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The first part of this scene presents Rosalind and Jaques in an entertaining conversation. The meeting between the vivacious Rosalind and melancholy Jaques is like a meeting of sunshine and cloud. But Jaques' sad mood cannot cloud Rosalind's sunny wit, which comes shining through in this scene; she humorously mocks everything about Jaques -- his travels, his experience, and his explanation of his melancholy. When Rosalind makes fun of Jaques' travels, Shakespeare is really ridiculing the Elizabethans' craze for going abroad, usually to Italy, the cradle of the Renaissance. Although Shakespeare's contemporaries claimed to be traveling to gain an education, they usually brought back more vices than culture.
The banter between Jaques and Rosalind is brought to an end by the arrival of the tardy Orlando, who has come for his love-sick treatment. The wooing scene is filled with dramatic irony, for everyone in the audience knows about Rosalind's disguise, while Orlando is in the dark. The whole scene is delightful to view or read, as Rosalind turns every moment into merriment and mockery. She comments on the transitory nature of love, the faithlessness of men, and the unpredictable and capricious nature of women. Underneath her wit, there is really great wisdom.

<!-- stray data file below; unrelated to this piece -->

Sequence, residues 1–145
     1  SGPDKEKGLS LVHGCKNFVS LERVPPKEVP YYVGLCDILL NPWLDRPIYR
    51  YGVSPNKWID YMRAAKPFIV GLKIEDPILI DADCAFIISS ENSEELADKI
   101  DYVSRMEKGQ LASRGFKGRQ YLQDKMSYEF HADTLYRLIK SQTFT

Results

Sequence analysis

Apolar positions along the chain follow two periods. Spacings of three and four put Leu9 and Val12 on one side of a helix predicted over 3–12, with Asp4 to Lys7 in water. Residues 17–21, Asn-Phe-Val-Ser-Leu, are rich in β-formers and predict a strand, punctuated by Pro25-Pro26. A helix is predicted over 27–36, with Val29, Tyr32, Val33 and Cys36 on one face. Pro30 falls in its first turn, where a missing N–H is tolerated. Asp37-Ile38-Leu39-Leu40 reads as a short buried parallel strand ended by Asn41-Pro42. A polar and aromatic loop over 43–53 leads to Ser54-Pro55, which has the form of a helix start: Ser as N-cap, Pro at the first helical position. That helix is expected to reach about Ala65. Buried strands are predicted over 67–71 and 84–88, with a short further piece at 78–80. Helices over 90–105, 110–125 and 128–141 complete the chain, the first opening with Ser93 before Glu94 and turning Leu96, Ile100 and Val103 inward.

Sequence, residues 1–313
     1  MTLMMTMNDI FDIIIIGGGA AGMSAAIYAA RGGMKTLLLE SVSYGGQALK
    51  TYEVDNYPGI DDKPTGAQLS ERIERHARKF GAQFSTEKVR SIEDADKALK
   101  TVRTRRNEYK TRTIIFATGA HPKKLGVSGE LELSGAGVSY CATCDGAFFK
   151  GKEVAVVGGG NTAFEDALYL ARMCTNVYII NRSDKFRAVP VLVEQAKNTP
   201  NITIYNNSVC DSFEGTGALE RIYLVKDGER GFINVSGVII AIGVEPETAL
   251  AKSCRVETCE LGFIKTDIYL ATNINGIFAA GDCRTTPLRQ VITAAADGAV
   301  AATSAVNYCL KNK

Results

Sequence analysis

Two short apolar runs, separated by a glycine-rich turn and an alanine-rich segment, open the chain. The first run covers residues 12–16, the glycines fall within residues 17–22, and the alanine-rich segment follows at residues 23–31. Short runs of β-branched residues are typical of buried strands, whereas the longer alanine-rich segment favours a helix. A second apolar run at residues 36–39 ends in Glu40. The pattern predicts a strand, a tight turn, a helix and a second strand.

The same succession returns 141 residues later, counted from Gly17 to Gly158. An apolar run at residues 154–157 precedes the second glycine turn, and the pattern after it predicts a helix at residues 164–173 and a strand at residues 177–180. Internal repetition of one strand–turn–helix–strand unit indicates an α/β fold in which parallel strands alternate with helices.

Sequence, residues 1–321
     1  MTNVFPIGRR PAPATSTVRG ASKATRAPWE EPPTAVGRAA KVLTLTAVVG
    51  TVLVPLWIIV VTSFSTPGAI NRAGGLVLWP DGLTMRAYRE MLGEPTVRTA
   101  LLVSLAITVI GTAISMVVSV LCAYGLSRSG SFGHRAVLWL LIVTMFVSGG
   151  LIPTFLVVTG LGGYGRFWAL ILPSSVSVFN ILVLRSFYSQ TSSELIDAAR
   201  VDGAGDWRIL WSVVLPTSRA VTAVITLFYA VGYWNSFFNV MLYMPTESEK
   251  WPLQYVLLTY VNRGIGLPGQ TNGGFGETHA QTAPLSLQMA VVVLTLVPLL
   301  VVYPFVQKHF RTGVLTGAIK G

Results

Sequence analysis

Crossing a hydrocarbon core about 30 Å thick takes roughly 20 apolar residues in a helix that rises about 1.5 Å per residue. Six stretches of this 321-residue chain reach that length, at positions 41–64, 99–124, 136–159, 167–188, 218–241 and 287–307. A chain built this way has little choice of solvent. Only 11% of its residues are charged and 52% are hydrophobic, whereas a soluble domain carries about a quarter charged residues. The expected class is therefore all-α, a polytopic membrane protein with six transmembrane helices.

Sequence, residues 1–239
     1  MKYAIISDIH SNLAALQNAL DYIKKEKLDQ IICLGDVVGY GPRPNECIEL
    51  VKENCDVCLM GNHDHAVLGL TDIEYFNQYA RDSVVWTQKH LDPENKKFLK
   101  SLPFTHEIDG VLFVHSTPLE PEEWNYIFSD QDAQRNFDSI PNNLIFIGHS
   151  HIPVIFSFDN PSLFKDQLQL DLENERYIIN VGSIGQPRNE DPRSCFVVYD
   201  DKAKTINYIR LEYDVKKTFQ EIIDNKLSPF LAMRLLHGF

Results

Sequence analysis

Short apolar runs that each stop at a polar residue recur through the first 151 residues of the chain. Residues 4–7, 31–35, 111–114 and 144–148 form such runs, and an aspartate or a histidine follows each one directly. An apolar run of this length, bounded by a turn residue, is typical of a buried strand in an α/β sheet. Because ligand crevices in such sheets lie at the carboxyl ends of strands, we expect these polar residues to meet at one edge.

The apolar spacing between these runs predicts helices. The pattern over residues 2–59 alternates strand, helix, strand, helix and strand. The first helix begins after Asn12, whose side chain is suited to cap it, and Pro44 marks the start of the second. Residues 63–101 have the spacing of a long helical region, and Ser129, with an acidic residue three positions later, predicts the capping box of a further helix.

In the conversation, Rosalind says, "Men are April when they woo, December when they wed." While courting a woman, men show themselves at their best, full of lively spirit, politeness, and tenderness; however, when they get married, they become as serious and gloomy as the month of December. Like men, "Maids are May when they are maids, but the sky changes when they are wives." Before they marry, women are as cheerful and pleasing as the spring season, but their temperament changes for the worse after marriage. Rosalind, as Ganymede, admits that after she marries she will be more jealous than a Barbary cock-pigeon over his hen, more noisy than a parrot, more fond of the novel things than an ape, and more sensual than a monkey.
When Orlando goes to attend Duke Senior, promising to return in two hours, Celia scolds her friend for talking so negatively about women. Rosalind admits that she must sound foolish, for her head is filled only with thoughts of Orlando. Even though he has just left, she misses him so much that she decides to follow him.